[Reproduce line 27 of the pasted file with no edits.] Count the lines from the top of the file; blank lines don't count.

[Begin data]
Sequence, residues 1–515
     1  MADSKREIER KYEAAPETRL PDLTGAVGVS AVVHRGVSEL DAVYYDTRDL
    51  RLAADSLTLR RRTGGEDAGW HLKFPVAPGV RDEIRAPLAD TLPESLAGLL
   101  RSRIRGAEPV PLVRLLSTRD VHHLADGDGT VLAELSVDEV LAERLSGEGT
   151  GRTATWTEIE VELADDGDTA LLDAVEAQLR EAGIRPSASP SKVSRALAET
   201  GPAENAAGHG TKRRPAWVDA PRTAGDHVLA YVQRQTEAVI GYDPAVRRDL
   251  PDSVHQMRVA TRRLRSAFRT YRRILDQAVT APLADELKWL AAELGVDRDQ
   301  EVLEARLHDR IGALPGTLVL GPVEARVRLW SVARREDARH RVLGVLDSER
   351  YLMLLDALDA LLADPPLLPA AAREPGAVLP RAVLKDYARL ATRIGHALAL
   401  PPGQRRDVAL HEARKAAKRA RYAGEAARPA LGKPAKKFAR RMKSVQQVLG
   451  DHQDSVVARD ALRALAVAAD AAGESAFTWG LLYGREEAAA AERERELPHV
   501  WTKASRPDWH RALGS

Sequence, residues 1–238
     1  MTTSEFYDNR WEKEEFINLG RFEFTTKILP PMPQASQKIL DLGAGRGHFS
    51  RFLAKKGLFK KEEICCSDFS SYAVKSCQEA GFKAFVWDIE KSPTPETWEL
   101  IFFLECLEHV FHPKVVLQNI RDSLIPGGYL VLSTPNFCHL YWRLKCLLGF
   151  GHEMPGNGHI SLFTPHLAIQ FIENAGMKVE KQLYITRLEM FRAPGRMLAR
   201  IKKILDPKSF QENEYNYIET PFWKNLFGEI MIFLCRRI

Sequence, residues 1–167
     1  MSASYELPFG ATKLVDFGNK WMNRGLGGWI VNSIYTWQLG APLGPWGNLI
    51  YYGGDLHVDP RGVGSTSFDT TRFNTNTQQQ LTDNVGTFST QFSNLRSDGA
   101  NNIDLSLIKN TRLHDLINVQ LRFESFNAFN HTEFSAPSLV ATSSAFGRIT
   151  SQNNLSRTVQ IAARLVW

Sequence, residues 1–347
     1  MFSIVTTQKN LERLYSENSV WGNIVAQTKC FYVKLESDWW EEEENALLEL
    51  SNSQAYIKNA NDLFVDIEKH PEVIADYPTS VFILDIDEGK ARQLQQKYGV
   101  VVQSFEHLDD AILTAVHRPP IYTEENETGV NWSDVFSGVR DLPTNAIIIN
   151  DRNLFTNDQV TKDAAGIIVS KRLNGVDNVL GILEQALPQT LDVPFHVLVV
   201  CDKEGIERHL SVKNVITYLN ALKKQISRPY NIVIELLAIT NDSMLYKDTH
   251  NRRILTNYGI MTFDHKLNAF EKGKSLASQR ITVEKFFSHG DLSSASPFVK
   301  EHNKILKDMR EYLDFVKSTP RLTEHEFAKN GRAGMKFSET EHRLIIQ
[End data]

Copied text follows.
   101  VVQSFEHLDD AILTAVHRPP IYTEENETGV NWSDVFSGVR DLPTNAIIIN